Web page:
The principle of availability takes over from the notion of privacy: what price data protection?
The Hague Programme adopted at the EU Summit on 5 November 2004 says that from 1 January 2008 the "principle of availability" - which simply means if data is held then it can be shared between law enforcement agencies - will become the guiding light for access to personal data held by national law enforcement agencies in other EU member states.
The European Commission is charged with preparing a proposal to implement "the principles of availability" including the following key conditions:
1) exchange of data can only take place so that "legal tasks may be performed" - "legal tasks" is extremely broad definition and is clearly intended to extend beyond gathering evidence for presentation in a specified court case, eg: investigations and surveillance;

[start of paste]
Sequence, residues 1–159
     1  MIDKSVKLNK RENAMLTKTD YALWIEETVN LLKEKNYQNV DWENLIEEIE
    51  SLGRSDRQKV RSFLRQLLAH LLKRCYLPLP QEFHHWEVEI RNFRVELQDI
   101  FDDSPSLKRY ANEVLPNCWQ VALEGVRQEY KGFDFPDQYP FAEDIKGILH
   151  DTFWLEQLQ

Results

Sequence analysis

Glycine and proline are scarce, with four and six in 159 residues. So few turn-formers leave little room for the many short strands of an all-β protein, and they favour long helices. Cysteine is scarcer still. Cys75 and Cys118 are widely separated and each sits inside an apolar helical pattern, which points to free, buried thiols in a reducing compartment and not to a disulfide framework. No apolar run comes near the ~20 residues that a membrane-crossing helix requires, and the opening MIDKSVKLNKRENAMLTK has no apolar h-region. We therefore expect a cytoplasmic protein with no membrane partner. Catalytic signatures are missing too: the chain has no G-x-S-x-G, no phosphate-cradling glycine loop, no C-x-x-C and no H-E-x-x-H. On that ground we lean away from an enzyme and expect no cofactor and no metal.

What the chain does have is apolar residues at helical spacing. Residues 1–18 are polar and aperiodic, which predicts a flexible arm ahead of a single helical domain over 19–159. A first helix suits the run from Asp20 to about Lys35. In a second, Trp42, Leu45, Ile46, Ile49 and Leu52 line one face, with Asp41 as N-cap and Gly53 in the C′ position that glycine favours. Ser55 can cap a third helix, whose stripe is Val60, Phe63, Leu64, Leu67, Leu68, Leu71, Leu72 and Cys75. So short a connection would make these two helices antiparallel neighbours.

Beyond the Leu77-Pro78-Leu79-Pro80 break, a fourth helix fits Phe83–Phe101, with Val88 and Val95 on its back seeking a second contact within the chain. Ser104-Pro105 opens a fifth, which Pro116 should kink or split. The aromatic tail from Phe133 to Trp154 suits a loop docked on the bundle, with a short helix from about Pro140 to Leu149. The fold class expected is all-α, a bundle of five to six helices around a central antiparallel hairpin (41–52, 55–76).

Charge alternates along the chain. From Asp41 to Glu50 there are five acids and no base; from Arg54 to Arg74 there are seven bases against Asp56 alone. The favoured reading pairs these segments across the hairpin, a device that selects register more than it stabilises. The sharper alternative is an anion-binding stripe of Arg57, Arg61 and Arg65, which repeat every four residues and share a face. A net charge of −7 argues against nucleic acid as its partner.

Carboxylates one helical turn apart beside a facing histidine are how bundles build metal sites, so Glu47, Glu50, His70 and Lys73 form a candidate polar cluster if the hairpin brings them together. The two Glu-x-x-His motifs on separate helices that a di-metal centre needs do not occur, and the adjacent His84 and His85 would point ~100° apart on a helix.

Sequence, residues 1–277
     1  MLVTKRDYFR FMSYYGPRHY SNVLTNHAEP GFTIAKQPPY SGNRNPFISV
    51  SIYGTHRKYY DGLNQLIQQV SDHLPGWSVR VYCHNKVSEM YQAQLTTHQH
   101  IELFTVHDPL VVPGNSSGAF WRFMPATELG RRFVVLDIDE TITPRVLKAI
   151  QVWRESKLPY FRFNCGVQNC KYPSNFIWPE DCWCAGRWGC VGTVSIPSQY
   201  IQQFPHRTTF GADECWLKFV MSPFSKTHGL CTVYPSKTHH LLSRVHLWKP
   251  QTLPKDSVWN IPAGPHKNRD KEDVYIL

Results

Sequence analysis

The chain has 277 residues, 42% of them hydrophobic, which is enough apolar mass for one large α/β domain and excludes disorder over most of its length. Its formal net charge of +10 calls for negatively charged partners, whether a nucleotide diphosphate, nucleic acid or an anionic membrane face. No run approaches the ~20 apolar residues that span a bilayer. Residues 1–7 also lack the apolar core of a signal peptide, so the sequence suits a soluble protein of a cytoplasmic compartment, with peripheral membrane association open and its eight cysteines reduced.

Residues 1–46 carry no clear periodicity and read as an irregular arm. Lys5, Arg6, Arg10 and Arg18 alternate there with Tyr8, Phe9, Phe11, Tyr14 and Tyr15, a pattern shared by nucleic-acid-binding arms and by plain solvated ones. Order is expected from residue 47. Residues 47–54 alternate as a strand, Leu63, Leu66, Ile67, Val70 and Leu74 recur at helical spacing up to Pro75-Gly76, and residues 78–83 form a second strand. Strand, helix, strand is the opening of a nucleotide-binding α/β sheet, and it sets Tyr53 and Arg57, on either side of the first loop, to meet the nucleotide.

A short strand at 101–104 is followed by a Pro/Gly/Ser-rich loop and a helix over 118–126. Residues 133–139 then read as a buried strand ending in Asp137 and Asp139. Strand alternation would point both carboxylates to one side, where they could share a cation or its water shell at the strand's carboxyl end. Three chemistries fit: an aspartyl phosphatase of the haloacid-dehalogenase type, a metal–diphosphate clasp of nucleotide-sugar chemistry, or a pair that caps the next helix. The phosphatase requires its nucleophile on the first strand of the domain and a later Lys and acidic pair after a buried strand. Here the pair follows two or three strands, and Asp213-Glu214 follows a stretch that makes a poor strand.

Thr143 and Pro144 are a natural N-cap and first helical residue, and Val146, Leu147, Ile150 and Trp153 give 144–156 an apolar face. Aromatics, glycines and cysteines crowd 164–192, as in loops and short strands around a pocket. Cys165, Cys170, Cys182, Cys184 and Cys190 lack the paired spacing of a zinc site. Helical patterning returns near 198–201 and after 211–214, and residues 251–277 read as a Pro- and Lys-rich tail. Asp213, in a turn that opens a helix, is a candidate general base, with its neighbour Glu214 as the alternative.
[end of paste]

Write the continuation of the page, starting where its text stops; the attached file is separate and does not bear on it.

2) "the need to protect source of information";
3) "individuals must be protected from abuse of data and have the right to seek correction of incorrect data"
But how will individuals be able to correct law enforcement agencies' files unless they are given full access to them and know who has accessed their data and how it has been used?
The Hague Programme says that "new technology" must be fully employed and the means of "exchange" of personal data between agencies could be through:
a) "reciprocal access to... national databases"
b) "the interoperability of... national databases" (all agencies have access to each others data)
c) "direct online access.. to existing central EU databases such as the SIS"
European Data Protection Commissioners